- Title: SOUTH AFRICA: Thousands march in Johannesburg against xenophobic violence
- Date: 24th May 2008
- Summary: PEOPLE LISTENING AT RALLY (SOUNDBITE) (English) MINISTER OF PUBLIC SAFETY AND SECURITY GERALDINE FRASER-MOLEKETI, SAYING: "And we come together to say that no one will push us into a scourge of hatred, into a scourge of violence. We will simply and do reject that with utter contempt and our coming together here today is to say that as Africans, we unite and we unite so proudly, Amandla Awethu." CROWD CHANTING AMANDLA
- Embargoed: 8th June 2008 13:00
- Location: South Africa
- Country: South Africa
- Topics: Domestic Politics
- Reuters ID: LVA65Z4Z6OTHHWQFNDRZZU1BUPVB
- Story Text: Thousands of people take to the streets of Johannesburg to protest against xenophobic violence which has claimed at least 42 lives and displaced tens of thousands of African migrants in South Africa over the past two weeks.
Thousands of people took to the streets of Johannesburg on Saturday (May 24) calling for the end of xenophobic violence that has killed at least 42 African migrants and displaced tens of thousands more.
Demonstrators, singing and chanting, carried placards that read, "Free market, free immigration, free South Africa" and "Xenophobia hurts like apartheid".
"We are scared because we have nowhere to stay and the people they are attacking us too much, so we are suffering very much because they are burning us, they are looting us, and they are chasing us from everywhere, so we have nowhere to run, we have no country, we have no government, and we have no ambassadors here. Those with ambassadors and governments they have already gone to their homes. We are the only people who are suffering here now,"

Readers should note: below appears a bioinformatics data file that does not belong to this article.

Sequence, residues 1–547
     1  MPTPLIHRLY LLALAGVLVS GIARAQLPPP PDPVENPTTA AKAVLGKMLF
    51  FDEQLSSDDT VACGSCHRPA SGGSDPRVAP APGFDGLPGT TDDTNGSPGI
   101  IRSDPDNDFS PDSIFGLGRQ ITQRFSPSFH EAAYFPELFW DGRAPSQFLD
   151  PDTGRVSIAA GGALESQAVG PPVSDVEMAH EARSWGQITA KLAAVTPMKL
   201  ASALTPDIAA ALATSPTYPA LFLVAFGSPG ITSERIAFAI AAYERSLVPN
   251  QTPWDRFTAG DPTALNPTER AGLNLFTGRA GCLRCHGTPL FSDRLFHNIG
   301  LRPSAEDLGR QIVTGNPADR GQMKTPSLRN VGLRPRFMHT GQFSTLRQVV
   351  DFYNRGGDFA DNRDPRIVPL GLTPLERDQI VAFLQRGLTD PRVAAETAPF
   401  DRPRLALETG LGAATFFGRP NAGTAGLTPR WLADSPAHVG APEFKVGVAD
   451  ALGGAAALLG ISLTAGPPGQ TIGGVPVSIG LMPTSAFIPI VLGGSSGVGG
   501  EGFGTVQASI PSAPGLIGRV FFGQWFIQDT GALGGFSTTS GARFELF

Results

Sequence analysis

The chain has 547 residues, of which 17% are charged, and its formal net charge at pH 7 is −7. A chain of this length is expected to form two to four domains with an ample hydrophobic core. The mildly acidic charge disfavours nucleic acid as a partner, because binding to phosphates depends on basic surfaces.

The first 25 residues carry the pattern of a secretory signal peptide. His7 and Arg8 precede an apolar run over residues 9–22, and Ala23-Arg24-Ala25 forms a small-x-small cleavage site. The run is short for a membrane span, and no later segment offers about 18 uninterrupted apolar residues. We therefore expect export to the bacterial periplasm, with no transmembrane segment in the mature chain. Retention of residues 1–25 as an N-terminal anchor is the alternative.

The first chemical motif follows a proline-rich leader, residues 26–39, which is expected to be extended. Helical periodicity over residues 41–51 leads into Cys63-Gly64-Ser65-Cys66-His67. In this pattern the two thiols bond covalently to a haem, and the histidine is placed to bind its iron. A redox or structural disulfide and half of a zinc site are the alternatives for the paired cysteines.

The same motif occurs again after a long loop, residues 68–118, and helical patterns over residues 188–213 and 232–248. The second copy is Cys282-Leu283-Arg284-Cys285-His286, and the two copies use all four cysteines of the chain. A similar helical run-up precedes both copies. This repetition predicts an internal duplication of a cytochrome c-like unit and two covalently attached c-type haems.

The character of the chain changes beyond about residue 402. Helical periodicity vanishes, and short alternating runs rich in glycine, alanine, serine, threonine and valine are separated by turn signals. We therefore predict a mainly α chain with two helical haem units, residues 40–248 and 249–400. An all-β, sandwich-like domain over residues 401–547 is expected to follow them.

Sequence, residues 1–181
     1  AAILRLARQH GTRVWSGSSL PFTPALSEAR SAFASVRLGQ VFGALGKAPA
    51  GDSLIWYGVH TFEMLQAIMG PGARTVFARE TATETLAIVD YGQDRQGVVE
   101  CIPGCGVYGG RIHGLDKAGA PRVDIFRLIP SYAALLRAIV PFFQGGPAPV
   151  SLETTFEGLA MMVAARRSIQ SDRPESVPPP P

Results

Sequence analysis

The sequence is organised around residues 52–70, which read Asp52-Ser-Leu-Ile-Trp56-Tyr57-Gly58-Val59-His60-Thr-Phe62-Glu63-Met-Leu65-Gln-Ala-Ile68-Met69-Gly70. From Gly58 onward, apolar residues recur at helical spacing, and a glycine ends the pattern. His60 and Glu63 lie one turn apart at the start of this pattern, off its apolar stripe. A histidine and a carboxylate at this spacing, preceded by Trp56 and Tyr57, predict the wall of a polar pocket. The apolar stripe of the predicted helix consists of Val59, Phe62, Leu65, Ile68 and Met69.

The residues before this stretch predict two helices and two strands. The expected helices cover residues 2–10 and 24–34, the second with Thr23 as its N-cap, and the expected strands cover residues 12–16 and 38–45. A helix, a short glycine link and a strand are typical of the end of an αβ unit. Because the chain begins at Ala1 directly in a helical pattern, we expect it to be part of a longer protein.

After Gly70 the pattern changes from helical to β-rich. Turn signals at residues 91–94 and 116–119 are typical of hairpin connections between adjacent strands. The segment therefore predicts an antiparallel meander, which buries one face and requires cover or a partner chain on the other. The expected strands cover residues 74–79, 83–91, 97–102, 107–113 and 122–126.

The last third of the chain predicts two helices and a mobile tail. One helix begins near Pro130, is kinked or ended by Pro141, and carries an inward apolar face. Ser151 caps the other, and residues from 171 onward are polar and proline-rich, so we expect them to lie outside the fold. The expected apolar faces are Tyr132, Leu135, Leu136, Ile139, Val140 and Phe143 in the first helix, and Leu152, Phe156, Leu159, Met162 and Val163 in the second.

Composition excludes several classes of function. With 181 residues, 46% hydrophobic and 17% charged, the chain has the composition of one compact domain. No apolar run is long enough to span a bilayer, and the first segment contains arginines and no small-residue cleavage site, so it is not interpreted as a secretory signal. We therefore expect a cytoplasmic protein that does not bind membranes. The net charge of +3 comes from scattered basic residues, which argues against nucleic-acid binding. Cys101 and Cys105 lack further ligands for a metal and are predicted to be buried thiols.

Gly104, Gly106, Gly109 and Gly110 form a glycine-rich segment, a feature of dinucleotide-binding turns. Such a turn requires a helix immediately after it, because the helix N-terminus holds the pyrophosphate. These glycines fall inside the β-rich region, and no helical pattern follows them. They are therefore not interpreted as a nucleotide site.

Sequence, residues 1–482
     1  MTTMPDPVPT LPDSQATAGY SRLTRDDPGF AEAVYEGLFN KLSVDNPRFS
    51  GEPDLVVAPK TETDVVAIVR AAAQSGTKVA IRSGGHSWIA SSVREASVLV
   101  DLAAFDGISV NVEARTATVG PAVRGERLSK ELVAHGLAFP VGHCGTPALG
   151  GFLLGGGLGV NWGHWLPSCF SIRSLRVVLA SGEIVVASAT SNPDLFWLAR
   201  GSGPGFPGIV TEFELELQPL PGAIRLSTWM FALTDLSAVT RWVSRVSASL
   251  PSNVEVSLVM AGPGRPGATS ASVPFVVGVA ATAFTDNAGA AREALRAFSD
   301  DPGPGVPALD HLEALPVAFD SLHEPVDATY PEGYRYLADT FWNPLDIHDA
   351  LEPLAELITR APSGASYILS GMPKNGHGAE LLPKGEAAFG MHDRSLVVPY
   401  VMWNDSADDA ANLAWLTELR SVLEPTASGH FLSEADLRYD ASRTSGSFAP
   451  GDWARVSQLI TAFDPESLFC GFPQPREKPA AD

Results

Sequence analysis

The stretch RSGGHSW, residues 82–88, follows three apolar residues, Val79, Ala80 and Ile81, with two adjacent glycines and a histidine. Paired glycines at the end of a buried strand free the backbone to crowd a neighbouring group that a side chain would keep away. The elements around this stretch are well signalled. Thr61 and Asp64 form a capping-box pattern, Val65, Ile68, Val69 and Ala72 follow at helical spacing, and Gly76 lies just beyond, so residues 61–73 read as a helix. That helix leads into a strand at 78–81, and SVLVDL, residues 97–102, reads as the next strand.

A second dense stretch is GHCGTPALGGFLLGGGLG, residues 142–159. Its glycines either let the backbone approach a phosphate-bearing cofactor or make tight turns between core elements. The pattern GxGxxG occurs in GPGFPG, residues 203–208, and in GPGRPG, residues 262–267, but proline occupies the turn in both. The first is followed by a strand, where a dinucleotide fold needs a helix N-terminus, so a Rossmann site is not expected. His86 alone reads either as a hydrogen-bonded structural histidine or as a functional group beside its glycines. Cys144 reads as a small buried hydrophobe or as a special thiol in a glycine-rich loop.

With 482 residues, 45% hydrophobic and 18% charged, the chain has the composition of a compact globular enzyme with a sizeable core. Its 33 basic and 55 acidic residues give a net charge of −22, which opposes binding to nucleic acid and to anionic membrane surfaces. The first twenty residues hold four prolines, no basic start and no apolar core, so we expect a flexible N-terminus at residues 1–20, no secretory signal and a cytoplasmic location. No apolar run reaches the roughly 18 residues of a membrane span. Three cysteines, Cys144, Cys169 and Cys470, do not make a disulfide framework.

said Somalian refugee Nuhr Shurie.
The South African government has been criticised for its slow reaction to the violence, the worst since apartheid ended 14 years ago, and for not adequately addressing poverty widely blamed for the bloodshed. The conflict started in Johannesburg's Alexandra township on May 11, and has spread to Cape Town and the eastern port city of Durban.
"It's not good to kill a black African. They must stop this thing, it's nonsense. We don't like this thing at all. I don't like this thing that is happening, they must not kill each other," added a local resident at the march.
Minister of Public Safety and Security Geraldine Fraser-Moleketi attended the march. "And we come together to say that no one will push us into a scourge of hatred, into a scourge of violence. We will simply and do reject that with utter contempt and on coming together here today is to say that as Africans, we unite and we unite so proudly, Amandla Awethu," she said.
There was a heavy police presence as demonstrators made their way to some of the areas hardest hit by the violence.
- Copyright Holder: REUTERS
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